Now one of the Northern Territory's biggest events and visitor destinations, Garma will again be held immediately before the Telstra National Aboriginal & Torres Strait Islander Art Awards and the Darwin Festival, increasing the international and interstate visitor potential for the Northern Territory. The Yothu Yindi Foundation is working with the Northern Territory Government to maximise the effectiveness of closely aligning these three events.

Last year's Garma, which had a visual arts theme, was attended by about 750 non-indigenous Australians and international guests. They were joined by a similar number of Yolngu and other indigenous Australians from about 20 clan groups in local region and visitors from neighbouring parts of Arnhem Land, the Kimberley, Central desert regions and beyond.

Those attending Garma include government representatives, leaders of industry, community groups, sponsor representatives, students, musicians, media, tourist groups, artists, educators and students. However, the amount of infrastructure and utility services - supplied by Alcan, a Principal Partner of Garma - and other resources at the special bush setting of Gulkula is limited, so only a certain number of members of the wider community can register and attend, as observers and participants, under each particular category of the Festival.

As well, the structure, size and line-up of educational, cultural and entertainment activities at Garma are all designed to deliver the Yothu Yindi Foundation's central purposes - to maintain, share and celebrate Yolngu knowledge and culture, and to enable further educational, training and economic opportunities for the Yolngu people of north-east Arnhem Land.

Already, hundreds of expressions of interest have been received by the Yothu Yindi Foundation for attendance at Garma 2004. To attend is, as Steve Liebmann said on the "Today" Show while hosting the show live from Garma, a rare privilege.

Garma is staged on Aboriginal land and permits are required.

More information regarding Garma, including categories of invitations and costs of attendance, and how to submit an expression of interest, including forms, can be gained through, or from the address below.

For more information, inquiries, and interviews: Yothu Yindi Foundation, GPO Box 2727, Darwin NT 0801. Fax (61) 08 89411088,  email,


This is mostly a summary of upcoming conferences. More details may have been given above, in previous bulletins or circulated by e-mail. A web-based contact is usually included.

April 2004

1-4 April: National Association for Research in Science Teaching, 2004 Conference meets in Vancouver, Westin Bayshore Hotel,

11-14 April: Asia Education Foundation's Third Linking Latitudes: Ha Noi, Vietnam, Cambodia and Laos international conference for Australian educators,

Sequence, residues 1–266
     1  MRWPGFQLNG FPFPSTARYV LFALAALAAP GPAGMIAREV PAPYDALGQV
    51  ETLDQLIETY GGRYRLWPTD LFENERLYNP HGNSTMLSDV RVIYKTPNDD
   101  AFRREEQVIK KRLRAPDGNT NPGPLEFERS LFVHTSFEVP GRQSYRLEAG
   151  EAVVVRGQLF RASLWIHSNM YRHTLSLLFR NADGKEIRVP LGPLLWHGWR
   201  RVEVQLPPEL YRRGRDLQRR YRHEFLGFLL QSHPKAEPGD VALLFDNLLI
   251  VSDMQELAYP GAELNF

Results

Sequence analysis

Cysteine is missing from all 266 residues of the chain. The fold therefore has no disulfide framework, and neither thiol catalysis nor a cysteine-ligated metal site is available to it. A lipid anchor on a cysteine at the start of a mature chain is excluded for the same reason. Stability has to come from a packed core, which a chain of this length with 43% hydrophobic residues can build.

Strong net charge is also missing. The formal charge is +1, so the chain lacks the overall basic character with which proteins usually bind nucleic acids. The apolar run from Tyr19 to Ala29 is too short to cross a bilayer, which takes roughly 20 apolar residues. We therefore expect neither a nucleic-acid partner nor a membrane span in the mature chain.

21 - 23 April: Pacific Circle Consortium 28th Annual Conference 2004Hong Kong SAR, China. Civic Values and Social Responsibility in a Global Context. Conference Website:

May 2004

27-29 May: Indigenous Knowledges: Transforming the academy, Pennsylvania State University. Information for submitting proposals is available on the conference Web site:

June 2004

25-28 June: Science and IT Education Joint Conference, Rockhampton, QLD. 

July 2004

5-9 July: "Educating For A World View: Focus On Globalizing Curriculum and Instruction" World Council for Curriculum and Instruction (WCCI) 11th Triennial World Conference, Novotel Northbeach Hotel, Wollongong, NSW

7-10 July: Australasian Science Education Research Association (ASERA), 35th Annual Conference, University of New England, Armidale NSW

August 2004


September 2004

26-30 September: CONASTA 53 - Australian Science Teachers Association (ASTA) National Conference, Canberra ACT. Theme: Excellence in Teaching and Science

28 September - 2 October: Creating Ethical Communities Now: Footprints, Pathways, Possibilities. Adelaide, South Australia. Australian Association for Environmental Education (AAEE) together with the Asia-Pacific Network for International Education and Values Education (APNIEVE), the South Australian Global Education Centre (GEC), and Urban Ecology Australia (UEA).

July 2005

Australasian Science Education Research Association (ASERA), 36th Annual Conference, University of Waikato, Hamilton, New Zealand

Sometime 2005 - World Indigenous Peoples Conference on Education, Aotearoa New Zealand

A list of conferences is also maintained by the University of South Australia's Indigenous Online Network, at
ION Updates are released fortnightly and are forwarded to members of this Network. If you wish to receive these Updates directly or you know of other people who would like to receive them, please ask them to send a message to asking that they be included on the distribution lists. 
Anyone with information or resources they would like added to the site can email from the website or to the general ION email address.

Last updated: 28 March 2004